Pianist Knut Haugsoen has a knack for bringing like-minded artists together. A natural leader, he assembles artists who can interpret his plans and make them flow seamlessly through teamwork. The result is a listenable program that we find smooth; yet with plenty of substance. All save three tracks are Haugsoen's originals. He writes scenic melodies for the band to use as a framework. From there, the artists check in and out with smooth-flowing ideas. When applying counterpoint, a strong cohesiveness holds the voices together. When stretching out, each artist restrains to a point. The session's tone remains pretty and light. Ingrid Jensen, who appears on five tracks, is in fine form. Her sparkling tone and fluid articulation exemplify the band's focus: improvisation within specific bounds over a smooth landscape. Melody plays a large part. Mike Murley and Stefan Bauer bring unison lines gracefully together. A suave bossa tinge peppers the program. Slower articles, such as "Lagoon," lay out a placid setting with charming soprano sax and vibes ripples. Murley and Bauer weave intricate designs. Two quartet numbers, featuring Jensen and Bauer, respectively, pale in comparison. Better are the sextet numbers in which team interaction balances individual expression. Haugsoen's loping rhythms and natural melodies form a framework from which he elicits pleasurable jazz magic.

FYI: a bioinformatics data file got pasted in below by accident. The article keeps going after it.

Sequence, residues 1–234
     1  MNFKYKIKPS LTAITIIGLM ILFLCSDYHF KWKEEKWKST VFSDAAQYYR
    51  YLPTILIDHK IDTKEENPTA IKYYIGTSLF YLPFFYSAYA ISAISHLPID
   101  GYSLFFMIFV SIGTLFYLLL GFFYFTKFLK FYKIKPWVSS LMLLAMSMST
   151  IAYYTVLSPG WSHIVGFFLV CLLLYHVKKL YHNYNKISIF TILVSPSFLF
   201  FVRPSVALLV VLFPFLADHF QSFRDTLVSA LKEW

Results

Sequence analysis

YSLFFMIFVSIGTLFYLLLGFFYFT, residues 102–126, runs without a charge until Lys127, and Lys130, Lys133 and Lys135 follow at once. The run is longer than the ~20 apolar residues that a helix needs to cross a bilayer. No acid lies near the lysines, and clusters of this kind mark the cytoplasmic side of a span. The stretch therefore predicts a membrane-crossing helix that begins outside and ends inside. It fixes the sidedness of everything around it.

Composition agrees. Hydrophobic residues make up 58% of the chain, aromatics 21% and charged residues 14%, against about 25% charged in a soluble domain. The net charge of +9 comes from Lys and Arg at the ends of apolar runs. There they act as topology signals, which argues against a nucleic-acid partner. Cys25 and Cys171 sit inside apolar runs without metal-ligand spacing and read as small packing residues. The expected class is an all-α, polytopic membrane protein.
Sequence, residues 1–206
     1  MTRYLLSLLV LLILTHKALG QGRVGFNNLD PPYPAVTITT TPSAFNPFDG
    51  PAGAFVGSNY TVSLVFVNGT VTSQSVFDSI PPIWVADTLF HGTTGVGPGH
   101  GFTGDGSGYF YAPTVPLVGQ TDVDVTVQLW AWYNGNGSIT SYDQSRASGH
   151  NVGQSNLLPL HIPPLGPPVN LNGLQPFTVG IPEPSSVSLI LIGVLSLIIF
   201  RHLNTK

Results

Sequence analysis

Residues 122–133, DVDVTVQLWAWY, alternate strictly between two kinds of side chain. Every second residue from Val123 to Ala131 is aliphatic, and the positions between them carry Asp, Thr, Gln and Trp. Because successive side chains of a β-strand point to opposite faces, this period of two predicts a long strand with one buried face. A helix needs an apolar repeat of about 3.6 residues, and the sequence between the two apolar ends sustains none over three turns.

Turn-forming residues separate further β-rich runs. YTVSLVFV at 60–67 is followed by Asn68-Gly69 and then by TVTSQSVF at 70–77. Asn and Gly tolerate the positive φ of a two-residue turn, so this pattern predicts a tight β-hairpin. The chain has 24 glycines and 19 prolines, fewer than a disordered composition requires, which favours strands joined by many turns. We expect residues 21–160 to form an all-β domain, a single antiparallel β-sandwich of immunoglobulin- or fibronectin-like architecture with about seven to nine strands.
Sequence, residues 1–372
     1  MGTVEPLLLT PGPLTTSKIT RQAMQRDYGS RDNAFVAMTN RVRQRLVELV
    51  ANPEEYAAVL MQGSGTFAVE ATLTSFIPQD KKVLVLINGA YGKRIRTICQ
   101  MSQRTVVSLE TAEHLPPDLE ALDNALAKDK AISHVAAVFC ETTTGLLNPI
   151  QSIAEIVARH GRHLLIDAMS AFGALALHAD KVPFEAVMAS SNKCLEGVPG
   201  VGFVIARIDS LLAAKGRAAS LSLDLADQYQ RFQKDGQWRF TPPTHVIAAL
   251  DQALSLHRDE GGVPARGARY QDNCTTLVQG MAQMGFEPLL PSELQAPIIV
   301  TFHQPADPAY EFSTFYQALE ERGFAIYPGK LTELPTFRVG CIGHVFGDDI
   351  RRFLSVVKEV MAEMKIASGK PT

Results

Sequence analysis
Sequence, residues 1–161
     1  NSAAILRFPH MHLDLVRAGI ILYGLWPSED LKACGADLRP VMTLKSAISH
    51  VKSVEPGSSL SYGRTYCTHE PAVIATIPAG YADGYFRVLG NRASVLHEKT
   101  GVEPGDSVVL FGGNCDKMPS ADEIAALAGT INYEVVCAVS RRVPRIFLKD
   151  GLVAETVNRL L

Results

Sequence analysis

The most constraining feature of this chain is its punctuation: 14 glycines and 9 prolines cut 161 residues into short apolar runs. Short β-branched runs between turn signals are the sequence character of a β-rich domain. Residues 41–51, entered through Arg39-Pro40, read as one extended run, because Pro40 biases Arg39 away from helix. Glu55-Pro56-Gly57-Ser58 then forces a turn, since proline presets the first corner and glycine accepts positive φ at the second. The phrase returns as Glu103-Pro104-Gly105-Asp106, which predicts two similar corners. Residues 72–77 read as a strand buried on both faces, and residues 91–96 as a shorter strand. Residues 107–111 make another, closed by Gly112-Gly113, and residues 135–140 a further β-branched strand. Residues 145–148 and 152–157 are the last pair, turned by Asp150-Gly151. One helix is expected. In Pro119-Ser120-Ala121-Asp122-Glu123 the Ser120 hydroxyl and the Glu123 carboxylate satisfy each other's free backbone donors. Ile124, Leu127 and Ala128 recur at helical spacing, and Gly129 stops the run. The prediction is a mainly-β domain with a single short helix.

Track Listing: Win Win; Speak Low; Step and a Half; Play of Light; Out of this World; D
Personnel: Knut Haugsoen- piano, Fender Rhodes; Ingrid Jensen- trumpet, flugelhorn; Mike Murley- tenor saxophone, soprano saxophone; Geoff Young- guitar; Jim Vivian- bass; Ted Warren- drums; Stefan Bauer- vibraphone; Rick Lazar- percussion.
I love jazz because it's sophisticated, international, atmospheric yet free, cool and warm.
I was first exposed to jazz through the sultry voice and flawless swing of my mother.
I met Mark Murphy, David Linx, Kurt Elling, and Youn Sun Nah.
The best show I ever attended was Youn Sun Nah in Paris.
The first jazz record I bought was Native Dancer by Wayne Shorter and Milton Nascimento
My advice to new listeners: open your mind and your ears, forget about structure, feel the textures.
Go see live music and keep buying CDs!